Rafizi warns of increased gas imports for electricity without switching to sustainable energy

KUALA LUMPUR (May 3): The country faces increased imports of gas energy for electricity in the coming years if it continues to rely on gas energy without efforts to accelerate the transition to more sustainable energy. become.

Economy Minister Rafizi Ramli said Malaysia imported about 25% of its gas last year to meet the country’s needs.

“I don’t think many people know that we (Malaysia) have started importing gas. We are expected to import about 30% of our gas this year, and this situation is expected to continue. It’s possible.

“So we have to tell the people the truth. The truth is painful,” Rafizi said at the National Institute of Public Administration (Intan) Ministerial Dialogue (IMC) 2024 program here on Friday. He said this while speaking as a panelist.

He explained that local oil production is low, at around 400,000 barrels per day, compared to 700,000 barrels per day in the past 20 years.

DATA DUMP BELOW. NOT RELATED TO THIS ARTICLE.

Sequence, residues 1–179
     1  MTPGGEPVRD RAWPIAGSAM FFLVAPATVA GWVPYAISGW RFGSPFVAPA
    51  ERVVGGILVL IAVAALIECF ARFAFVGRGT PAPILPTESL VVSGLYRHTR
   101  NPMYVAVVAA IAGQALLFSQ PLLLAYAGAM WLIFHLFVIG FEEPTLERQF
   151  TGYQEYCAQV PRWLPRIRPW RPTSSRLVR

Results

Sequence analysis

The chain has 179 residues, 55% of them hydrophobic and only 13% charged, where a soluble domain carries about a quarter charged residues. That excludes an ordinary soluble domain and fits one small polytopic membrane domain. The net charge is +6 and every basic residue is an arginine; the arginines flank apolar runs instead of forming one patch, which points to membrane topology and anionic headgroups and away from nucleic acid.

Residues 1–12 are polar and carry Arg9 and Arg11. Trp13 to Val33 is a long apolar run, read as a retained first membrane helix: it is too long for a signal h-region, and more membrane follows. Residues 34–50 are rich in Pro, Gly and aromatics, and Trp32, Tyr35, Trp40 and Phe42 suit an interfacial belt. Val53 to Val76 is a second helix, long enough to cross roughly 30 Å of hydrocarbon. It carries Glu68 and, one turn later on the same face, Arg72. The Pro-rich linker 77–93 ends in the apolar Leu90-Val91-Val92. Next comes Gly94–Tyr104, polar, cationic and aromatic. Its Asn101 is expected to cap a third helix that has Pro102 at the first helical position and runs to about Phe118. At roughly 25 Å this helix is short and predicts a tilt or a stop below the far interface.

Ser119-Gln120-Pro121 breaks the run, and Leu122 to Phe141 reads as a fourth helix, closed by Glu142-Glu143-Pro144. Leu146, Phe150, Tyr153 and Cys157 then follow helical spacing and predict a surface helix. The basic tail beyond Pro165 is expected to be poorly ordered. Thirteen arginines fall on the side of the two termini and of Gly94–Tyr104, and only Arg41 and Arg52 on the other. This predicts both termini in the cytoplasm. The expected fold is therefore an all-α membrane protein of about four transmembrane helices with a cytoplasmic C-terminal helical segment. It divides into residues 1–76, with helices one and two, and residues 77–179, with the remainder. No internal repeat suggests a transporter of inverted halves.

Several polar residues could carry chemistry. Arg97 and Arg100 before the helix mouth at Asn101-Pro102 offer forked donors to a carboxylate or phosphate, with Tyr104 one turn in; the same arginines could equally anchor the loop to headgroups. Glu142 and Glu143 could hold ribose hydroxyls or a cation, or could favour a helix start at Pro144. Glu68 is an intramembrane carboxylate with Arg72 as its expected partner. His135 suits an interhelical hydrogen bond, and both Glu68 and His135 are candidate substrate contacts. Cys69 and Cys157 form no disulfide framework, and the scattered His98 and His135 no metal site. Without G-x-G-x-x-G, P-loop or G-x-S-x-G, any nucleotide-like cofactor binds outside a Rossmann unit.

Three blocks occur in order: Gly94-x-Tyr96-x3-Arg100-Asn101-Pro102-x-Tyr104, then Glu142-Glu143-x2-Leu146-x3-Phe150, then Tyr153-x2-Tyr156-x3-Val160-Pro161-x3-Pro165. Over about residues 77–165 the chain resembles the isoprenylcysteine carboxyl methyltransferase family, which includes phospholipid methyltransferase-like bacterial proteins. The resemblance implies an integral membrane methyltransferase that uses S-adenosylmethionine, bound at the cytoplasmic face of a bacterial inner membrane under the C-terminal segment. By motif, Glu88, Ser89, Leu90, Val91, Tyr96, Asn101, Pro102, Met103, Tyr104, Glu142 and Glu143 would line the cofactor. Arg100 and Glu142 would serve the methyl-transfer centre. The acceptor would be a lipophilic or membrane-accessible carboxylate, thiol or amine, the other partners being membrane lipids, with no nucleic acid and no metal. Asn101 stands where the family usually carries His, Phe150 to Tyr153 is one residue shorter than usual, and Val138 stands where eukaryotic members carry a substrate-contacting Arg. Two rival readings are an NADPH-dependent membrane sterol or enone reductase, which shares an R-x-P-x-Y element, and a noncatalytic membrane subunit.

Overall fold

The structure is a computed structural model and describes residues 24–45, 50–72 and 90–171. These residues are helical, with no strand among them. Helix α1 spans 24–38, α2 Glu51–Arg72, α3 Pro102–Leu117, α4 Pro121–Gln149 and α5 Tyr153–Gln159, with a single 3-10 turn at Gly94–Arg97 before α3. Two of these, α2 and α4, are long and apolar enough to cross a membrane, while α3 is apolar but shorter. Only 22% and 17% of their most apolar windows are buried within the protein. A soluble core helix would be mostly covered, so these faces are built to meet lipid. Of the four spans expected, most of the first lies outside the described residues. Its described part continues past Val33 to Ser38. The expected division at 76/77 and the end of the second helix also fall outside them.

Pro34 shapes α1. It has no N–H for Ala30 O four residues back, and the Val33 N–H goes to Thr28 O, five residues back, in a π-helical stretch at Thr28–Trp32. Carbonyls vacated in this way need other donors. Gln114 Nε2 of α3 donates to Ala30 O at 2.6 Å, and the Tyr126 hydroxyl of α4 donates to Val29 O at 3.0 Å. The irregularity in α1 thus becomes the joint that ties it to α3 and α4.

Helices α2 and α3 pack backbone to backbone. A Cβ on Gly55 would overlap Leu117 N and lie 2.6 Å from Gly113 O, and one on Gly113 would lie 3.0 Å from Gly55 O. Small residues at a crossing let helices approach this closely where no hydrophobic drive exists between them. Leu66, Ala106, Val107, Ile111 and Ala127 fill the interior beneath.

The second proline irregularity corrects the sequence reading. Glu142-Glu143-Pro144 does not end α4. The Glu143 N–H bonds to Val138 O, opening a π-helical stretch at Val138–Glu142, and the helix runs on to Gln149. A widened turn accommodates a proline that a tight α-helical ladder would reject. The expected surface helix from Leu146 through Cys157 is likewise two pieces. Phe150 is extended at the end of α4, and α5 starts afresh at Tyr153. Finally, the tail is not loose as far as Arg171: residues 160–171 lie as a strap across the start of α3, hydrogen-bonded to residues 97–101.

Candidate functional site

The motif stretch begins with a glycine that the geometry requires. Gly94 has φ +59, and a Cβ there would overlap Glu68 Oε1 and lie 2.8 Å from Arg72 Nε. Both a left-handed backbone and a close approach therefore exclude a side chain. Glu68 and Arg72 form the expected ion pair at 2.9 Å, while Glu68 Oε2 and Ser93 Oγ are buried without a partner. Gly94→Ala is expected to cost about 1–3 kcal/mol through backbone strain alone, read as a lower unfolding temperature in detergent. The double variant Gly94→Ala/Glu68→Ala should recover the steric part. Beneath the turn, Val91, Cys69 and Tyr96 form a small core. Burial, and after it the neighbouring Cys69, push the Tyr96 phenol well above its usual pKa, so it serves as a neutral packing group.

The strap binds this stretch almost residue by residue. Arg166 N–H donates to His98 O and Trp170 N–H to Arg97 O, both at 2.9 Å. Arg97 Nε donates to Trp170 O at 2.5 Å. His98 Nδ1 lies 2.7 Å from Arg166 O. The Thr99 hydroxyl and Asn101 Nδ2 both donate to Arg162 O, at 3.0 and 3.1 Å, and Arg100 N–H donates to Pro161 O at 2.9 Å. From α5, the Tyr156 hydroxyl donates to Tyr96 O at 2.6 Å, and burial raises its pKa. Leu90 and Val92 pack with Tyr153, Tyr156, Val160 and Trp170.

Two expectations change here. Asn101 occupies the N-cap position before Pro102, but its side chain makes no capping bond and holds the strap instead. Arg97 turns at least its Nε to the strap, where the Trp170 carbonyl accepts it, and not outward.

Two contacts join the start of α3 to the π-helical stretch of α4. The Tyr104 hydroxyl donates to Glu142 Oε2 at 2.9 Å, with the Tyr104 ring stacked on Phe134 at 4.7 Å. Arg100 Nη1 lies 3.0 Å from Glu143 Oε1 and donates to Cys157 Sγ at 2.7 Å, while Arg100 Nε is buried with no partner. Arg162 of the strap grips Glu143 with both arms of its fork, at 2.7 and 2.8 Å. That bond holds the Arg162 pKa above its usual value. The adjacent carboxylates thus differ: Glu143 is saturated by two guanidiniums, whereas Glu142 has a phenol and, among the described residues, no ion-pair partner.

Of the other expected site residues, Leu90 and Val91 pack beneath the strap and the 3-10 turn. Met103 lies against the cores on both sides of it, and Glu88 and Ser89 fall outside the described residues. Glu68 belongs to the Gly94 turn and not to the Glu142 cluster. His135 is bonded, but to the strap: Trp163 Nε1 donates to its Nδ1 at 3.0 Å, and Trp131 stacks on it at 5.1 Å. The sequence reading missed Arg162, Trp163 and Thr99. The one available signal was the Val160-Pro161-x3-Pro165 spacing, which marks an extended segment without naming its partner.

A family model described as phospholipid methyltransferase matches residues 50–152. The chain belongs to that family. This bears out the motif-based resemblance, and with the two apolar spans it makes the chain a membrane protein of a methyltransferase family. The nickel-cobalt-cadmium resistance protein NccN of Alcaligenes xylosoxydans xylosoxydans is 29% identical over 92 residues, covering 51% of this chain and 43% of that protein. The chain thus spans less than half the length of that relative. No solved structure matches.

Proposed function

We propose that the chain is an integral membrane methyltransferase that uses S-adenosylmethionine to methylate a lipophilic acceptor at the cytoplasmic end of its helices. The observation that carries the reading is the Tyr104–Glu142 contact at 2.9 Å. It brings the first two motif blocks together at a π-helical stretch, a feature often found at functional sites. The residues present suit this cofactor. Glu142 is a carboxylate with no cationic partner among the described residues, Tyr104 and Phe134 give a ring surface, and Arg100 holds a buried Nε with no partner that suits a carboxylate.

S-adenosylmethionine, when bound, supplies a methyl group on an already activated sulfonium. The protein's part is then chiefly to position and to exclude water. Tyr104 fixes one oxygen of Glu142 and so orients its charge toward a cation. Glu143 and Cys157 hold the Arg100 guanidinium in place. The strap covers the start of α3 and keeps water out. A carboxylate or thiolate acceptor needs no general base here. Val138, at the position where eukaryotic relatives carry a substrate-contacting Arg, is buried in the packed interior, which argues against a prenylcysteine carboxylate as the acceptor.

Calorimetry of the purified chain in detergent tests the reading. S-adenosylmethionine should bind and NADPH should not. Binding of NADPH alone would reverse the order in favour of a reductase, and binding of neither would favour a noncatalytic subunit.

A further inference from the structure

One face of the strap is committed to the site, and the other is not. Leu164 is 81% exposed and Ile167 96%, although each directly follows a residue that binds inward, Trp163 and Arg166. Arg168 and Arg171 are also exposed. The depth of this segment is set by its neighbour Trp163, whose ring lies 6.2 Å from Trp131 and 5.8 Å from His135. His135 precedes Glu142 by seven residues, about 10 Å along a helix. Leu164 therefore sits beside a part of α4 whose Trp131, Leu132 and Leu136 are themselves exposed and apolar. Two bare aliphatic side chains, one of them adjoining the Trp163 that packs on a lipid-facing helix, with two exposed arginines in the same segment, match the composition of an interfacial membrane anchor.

Rafizi said if no action is taken by 2050, Malaysia will become completely dependent on imports for gas energy, leading to an increase in the cost of living.

Rafizi explained that receiving the entire RM1 dividend from Petronas will also affect the company, reducing its financial ability to look abroad to develop new oil wells.

Meanwhile, he said the task of rebuilding the country’s economy cannot be achieved by just creating an economic framework.

“On the other hand, something has to give… There will be no business as usual. Decisions must be made so that the situation (such as inequality) does not get worse.

“Secondly, to change the status quo… moving from point A to point B requires a change in mindset and culture, which is not easy for a country that has defined its views and practices for decades. No. And I don’t think any economist can take this into account,” the minister said.

Thirdly, he said that “program design” in policy-making also needs to adopt a more comprehensive approach, as there are challenges such as issues of financial capacity and feasibility, especially in “scaling up”.

“And the fourth big challenge is aligning and ensuring that the pace of change is the same everywhere and at every level (of implementation) for each stakeholder.

“What is important is that civil servants recognize the need to focus on acceptance and the development of economic programs suitable for target groups.

“And the money that the government invests will not only have an impact, deliver results, provide the allocations that will be allocated, but will ultimately succeed as planned,” he added.

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